Anonymous said...

There you have it - fried chicken: it's what Londoners want

mintness said...

Tangentially, does anyone know what's happening with the development at 117 Lewisham Way (I think that's the number)? Signs recently went up outside pointing interested parties to www.gallionsha.co.uk, but there's no information on there as yet. As much as anything, I want to know how they got away with claiming that it would be in keeping with the other buildings on that stretch of the main road - and/or how it's ended up being such a bloody eyesore...

tj said...

I would think that the gardens and the small road were probably always there.

The gardens are now used as a memorial to the first world war fallen (I think), and I doubt if the house owners would have given up their front gardens. Moreover, the late Victorians weren't overly interested in a big front garden - just a driveway for their carriage to draw up (or a cab to drop them off). All the grand houses in Wickham road have a garden designed for a drive - or are quite near the road. The small road you are talking about would have acted like a private driveway.

Of course I don't actually know - but would like to consult a map to find out.

tj said...

a bit on St John's and Lewisham way development here

http://www.ideal-homes.org.uk/lewisham/main/st-johns-deptford-new-town-case-study.htm

tj said...

HH - the small road is there on this map from the 1890s

http://picasaweb.google.com/lewishamheritage/BrockleyAHistoryInPictures/photo#5101933894184746514

Headhunter said...

Actually TJ, you're right, there was always a road between the gardens and the large Victorian houses. Just had a look at Booth's Poverty Map -

http://tiny.cc/7rhJH

Tamsin said...

And what did Booth's researchers say about the road?

Bea said...

Lewisham Way was "Red: Middle Class. Well-to-do" (as is much of the conservation area).

Notable exceptions in "Yellow: Upper-Middle and Upper Classes. Wealthy" are the Lewisham Way end of Wickham Road and Breakspears Road (from Cranfield Road onwards).

Headhunter said...

If you look at the map, the whole of the conservation area and the large houses on Lewisham Way are occupied by the wealthy middle classes and there are sections of Wickham and I think Breakspears which are home to the very wealthiest classes - upper and upper middle classes.

Unfortunately the whole of the "dark side" was not built at this time, apart from Foxwell St which is labelled as poor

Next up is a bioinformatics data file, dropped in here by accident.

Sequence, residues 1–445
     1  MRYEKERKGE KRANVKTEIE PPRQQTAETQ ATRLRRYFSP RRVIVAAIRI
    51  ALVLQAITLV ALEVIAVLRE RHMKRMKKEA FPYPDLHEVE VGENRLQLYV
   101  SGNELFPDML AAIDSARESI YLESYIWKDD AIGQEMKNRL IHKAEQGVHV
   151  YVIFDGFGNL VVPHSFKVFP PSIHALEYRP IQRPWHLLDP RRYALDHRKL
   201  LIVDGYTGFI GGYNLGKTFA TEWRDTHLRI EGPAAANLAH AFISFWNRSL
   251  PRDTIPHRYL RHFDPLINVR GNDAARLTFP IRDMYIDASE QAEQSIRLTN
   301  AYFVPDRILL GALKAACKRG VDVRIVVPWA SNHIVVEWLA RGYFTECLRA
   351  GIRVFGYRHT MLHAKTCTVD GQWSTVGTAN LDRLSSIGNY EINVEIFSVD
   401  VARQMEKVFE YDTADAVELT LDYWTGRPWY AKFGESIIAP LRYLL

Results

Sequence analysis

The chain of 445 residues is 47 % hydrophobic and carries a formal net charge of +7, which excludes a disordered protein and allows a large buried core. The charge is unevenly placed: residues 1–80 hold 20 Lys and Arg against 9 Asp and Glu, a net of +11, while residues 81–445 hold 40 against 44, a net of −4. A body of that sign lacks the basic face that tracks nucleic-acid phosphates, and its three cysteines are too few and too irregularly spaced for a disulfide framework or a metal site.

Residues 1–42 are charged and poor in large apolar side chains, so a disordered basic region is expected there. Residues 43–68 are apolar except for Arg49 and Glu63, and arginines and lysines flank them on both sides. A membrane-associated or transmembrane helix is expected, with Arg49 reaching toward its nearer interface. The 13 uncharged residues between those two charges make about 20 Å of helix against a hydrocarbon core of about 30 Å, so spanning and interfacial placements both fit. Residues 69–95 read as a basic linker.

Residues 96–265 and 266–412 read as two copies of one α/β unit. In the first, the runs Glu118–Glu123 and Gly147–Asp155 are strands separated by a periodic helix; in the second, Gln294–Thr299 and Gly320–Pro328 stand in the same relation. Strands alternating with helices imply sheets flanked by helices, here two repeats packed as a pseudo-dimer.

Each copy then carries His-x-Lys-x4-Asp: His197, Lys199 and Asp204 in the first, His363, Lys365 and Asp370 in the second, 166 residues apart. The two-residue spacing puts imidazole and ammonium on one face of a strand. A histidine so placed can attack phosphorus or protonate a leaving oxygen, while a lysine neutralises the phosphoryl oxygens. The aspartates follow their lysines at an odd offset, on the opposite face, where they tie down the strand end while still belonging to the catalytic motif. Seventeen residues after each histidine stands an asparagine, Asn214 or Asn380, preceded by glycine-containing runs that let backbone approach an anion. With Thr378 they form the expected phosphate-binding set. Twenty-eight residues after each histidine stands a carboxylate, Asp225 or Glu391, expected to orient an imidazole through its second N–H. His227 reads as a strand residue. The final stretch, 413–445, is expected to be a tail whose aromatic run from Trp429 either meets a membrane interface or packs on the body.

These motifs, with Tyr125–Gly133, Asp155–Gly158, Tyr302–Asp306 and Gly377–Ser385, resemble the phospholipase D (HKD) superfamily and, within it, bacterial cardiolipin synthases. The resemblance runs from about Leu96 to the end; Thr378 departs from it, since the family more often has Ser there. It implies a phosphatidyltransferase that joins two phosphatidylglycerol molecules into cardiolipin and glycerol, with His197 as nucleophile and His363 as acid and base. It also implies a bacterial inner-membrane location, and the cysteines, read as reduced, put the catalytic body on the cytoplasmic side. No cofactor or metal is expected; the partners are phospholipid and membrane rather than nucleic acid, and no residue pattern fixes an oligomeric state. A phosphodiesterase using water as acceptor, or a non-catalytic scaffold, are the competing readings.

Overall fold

fabhat said...

The gardens might have been private - like the gated gardens squares in West London. Apparently the Wickham Rd yellow end were "carriage class" ie didn't rely on the trains to get them into work in the city, but had their own carriages to take them...

I like to think they had heated debates with the local penny farthing riders about the ethics of it, and the physical remains of their journeys...(sorry couldn't resist)

tj said...

and whether it was better to have a pie and mash shop or a Brewsters Emporium of Continental Delights

Tina said...

I'd love to have a deli or cafe (or indeed any type of commercial premises) on Lewisham Way.

Anonymous said...

The Headhunter of his day would have been appalled at the carriage-riders - or possibly pleased, as at least the output was organic (and fair-trade, though sadly not vegetarian).

Tamsin said...

Wickham Road would certainly have been "carriage class" - hence the mews.
Booth says of Brockley among other things "The gardens attached to the houses are 'one of the good things about Brockley'(Moss)" and "Prostitution gives little trouble, solicitation being mainly confined to the Lewisham Road. The women live and have their places of accommodation almost entirely in Deptford."

Anonymous said...

LOL - how little things change. I'm surprised he didn't mention anything about boiled chicken shops on the high street (and, indeed, the design of the signs outside the carriage ranks)

neanderthal d said...

The (former) tailors/alterations shop at the end of the row of shops on Loampit Hill/Tyrwhitt Road is going to revert to being KJ Building Supplies from what i can gather.

KJ Building supplies were there before they moved down the hill to their current location between the Tesco petrol station and the railway bridge around the turn of the millenium.

Richard Elliot said...

I could have this totally wrong, but isn't the conversion of business / retail premises into residential quite hard to get?

Wasn't the Meze Mangal expansion (into what is going to become the patisserie) rejected because it would remove a shop from the parade?

Headhunter said...

I thought that all the streets in the conservation area were "carriage class", that's why the mews were built along the backs of the houses. These would have allowed access to stables and storage for carriages, however I read somewhere that the mews stables were never built up due to the expansion of the railways, even the wealthiest classes realised that it was easier to commute by train than maintain and expensive carriage, horses, stable boys etc etc.

If the houses in the conservation area had been built a little earlier, I guess that the long gardens we have now would not have existed as there would have been stable blocks at the ends of them, a bit like houses in West London.

If they'd been built, these buildings would probably be marketed as "mews cottages" or something by Foxtons!

Talking about Penny Farthings and bicycles of that time, I don't think they were actually used for transport, they were more toys of the relatively wealthy who raced them and joined enthusiast clubs etc. In fact a lot of the cycling clubs such as Catford Cycling Club and the one I attend, Dulwich Paragon, have been around for over a hundred years. Catford CC apparently had branches in Paris, Nottingham, Cardiff and Bristol and one of the fastest tracks in Europe on Sportsbank Street. It was very successful and still exists today. Here's a history of Catford Cycling Club.

http://www.catfordcc.co.uk/Club%20history.html

Anonymous said...

An area developed during the horse and carriage Victorian age would have taken horsey matters very seriously.